It always is a bit intimidating to realize just how much time has passed. The seasons in Michigan have been changing rapidly, and along with it a series of endings for many of the projects I have been working on, Sister Story being one of them. In the reflection of the experience, I have realized that this was nothing I could have mapped out myself.
Everything about this was just as unique as the people involved. Sister Helen and I have cultivated a special relationship that I believe formed in a very peculiar way. I met with her on a weekly basis, asking her many intimate and personal details of her life, both of us knowing that the end goal was the interview process. Yet everything in between was up to us. Both of us went in nervous, with our own reservations, worries or baggage. But it was the complete trust in one another that allowed for such a close bond to happen. I don't think this relationship could have or would have happened in any other way but this.
While the formal ending to this chapter of my story with Sister Helen, it is really only the beginning of what we look forward to being a longtime friendship. As I talked to my boyfriend tonight over dinner, I realized that I myself had really become an expert on my sister's life. It's a humbling reminder that this is why oral history is important. I love my sister. I want the world to know what a phenomenal women she is. I want them to know of her work, her activism and her growth.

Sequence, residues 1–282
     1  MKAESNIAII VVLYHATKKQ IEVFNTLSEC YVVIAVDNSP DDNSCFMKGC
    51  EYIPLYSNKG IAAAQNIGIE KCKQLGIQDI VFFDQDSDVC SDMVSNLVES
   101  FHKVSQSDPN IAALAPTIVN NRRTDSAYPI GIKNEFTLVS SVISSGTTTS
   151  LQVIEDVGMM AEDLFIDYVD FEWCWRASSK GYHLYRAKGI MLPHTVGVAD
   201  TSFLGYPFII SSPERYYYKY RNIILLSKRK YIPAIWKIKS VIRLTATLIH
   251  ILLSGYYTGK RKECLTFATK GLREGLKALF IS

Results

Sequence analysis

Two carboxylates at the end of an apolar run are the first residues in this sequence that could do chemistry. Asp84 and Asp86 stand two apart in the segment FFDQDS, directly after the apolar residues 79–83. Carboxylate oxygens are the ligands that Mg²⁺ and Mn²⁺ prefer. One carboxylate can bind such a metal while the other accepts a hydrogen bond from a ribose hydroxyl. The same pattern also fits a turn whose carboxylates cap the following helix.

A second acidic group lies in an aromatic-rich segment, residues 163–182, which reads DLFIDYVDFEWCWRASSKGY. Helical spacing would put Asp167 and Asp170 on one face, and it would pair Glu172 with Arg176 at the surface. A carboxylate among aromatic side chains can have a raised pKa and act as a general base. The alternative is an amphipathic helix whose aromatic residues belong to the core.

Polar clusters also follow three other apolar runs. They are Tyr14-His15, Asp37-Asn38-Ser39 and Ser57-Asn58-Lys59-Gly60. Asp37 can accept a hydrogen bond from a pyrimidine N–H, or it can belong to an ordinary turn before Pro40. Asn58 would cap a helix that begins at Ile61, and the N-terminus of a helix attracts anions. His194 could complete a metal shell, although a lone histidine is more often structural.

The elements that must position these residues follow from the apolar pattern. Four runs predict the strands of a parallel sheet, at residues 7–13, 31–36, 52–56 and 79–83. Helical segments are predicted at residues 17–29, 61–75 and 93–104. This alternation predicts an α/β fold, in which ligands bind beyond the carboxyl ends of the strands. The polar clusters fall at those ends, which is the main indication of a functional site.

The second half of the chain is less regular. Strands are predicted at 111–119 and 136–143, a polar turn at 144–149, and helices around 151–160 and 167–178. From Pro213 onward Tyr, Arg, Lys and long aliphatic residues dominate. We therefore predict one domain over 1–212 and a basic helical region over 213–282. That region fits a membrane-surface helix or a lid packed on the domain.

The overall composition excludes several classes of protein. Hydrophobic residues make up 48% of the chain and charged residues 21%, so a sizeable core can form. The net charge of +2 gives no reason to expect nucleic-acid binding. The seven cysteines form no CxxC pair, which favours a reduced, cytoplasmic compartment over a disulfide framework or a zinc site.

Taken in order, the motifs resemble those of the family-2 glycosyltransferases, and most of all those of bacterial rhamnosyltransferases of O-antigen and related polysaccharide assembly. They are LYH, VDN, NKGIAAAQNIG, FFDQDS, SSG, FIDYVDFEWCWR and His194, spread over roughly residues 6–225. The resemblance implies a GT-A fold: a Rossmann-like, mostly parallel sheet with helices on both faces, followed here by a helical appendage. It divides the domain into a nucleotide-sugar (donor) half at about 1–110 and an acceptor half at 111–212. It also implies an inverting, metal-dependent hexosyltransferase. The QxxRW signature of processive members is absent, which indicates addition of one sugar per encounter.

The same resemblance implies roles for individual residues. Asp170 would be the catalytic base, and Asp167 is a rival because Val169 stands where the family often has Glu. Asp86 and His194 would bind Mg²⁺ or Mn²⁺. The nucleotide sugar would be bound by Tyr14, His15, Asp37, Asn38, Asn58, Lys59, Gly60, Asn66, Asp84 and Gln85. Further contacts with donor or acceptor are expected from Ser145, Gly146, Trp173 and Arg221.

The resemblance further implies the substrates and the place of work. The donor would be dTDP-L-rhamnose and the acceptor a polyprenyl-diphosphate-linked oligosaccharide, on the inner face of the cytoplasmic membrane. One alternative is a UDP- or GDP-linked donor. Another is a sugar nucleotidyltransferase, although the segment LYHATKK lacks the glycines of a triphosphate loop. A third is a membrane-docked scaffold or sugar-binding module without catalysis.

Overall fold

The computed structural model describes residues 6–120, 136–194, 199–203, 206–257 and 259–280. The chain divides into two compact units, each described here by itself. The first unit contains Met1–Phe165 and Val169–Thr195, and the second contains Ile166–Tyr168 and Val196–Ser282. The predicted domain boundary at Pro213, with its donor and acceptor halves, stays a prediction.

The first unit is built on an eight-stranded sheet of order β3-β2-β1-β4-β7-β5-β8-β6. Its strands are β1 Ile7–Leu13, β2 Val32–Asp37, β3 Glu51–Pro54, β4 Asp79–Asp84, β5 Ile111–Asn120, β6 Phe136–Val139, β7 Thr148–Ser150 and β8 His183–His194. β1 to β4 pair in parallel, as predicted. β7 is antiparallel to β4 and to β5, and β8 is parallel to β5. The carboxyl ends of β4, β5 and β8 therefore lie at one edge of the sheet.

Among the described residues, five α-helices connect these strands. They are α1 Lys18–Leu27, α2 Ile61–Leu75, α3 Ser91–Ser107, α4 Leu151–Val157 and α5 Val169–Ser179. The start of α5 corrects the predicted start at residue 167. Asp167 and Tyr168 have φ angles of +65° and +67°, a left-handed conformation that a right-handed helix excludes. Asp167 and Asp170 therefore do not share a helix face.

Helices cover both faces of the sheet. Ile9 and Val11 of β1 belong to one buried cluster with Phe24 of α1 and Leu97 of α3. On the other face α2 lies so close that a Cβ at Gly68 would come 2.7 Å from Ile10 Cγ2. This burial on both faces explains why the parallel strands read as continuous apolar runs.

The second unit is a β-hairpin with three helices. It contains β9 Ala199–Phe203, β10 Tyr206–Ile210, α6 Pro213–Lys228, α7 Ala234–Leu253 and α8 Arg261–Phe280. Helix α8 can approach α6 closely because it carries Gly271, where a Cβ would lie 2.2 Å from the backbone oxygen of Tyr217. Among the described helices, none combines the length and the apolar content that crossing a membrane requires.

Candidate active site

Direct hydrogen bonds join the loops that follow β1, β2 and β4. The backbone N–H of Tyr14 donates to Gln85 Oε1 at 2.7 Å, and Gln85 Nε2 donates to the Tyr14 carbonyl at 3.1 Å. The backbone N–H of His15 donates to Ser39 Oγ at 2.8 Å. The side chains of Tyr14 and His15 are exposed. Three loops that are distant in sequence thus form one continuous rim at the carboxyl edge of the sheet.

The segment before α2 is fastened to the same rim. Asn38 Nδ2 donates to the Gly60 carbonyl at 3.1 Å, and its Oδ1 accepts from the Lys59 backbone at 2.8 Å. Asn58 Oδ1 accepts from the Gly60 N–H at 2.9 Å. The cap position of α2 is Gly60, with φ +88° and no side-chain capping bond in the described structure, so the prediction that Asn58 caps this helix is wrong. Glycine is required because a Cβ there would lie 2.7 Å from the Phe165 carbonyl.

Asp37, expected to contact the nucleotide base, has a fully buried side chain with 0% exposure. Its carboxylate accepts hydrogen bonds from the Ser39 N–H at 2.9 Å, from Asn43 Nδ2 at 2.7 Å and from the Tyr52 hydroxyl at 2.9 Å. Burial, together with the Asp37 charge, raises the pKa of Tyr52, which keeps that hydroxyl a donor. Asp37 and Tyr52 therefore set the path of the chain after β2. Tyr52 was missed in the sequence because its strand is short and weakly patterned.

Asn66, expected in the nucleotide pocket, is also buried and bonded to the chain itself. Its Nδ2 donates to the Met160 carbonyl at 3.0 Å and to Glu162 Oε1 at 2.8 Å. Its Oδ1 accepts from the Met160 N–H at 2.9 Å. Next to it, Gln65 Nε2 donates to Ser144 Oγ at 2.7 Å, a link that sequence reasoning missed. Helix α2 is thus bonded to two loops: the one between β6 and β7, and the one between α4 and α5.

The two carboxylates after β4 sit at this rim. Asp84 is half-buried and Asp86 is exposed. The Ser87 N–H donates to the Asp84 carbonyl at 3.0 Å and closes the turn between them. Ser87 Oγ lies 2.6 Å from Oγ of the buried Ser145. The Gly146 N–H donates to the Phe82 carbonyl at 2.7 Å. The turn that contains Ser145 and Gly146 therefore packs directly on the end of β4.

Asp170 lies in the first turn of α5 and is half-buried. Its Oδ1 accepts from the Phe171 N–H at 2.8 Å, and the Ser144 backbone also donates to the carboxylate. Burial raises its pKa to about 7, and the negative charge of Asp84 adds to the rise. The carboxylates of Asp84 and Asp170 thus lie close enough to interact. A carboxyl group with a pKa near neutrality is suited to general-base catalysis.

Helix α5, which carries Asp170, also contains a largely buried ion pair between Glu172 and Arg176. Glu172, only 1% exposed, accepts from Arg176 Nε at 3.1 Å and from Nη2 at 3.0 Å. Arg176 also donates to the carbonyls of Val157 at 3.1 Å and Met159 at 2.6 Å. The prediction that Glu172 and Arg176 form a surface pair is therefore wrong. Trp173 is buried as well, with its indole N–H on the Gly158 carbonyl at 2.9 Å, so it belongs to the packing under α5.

This project ensures that I have done my part in preserving her story, and I will continue to learn from her and carry those pieces of her with me in all that I do. There are so many fun projects we could do next -- from digitally archiving her photographs, to revisiting the places that she grew up, to mapping out her movement across the United States. Rest assured, I am already scheming our next grand adventure together.
We are planning on meeting next semester when school picks up in the fall. I made her a mug in my ceramics class that's perfectly lopsided. The glaze that was used was a bit more on the earthy side; I know Sister Helen loves nature.
There's something so delicate about the last week. I sent her emails with a song I think she'd like and a poet I knew she'd appreciate. I gave her a copy of a book I did a project on because she wanted to learn more about what I study.
Writing this, I have to admit that I am tearing up. Sister Helen has become such an incredible friend. August seems too far away. In my circle, we never say goodbye, we say, "I'll see you soon."
This is not our goodbye. We have so much yet to do.